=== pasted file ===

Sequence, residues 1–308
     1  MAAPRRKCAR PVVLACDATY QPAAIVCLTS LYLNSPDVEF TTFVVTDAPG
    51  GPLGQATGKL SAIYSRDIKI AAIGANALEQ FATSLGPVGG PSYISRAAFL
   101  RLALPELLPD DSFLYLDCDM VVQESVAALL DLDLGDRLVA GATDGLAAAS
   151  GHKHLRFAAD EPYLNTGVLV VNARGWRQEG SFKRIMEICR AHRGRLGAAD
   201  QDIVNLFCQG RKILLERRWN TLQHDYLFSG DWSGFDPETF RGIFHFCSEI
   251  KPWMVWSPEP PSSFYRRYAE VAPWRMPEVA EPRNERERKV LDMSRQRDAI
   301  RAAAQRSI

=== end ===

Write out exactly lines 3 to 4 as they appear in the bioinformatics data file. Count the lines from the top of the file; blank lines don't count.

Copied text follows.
    51  GPLGQATGKL SAIYSRDIKI AAIGANALEQ FATSLGPVGG PSYISRAAFL
   101  RLALPELLPD DSFLYLDCDM VVQESVAALL DLDLGDRLVA GATDGLAAAS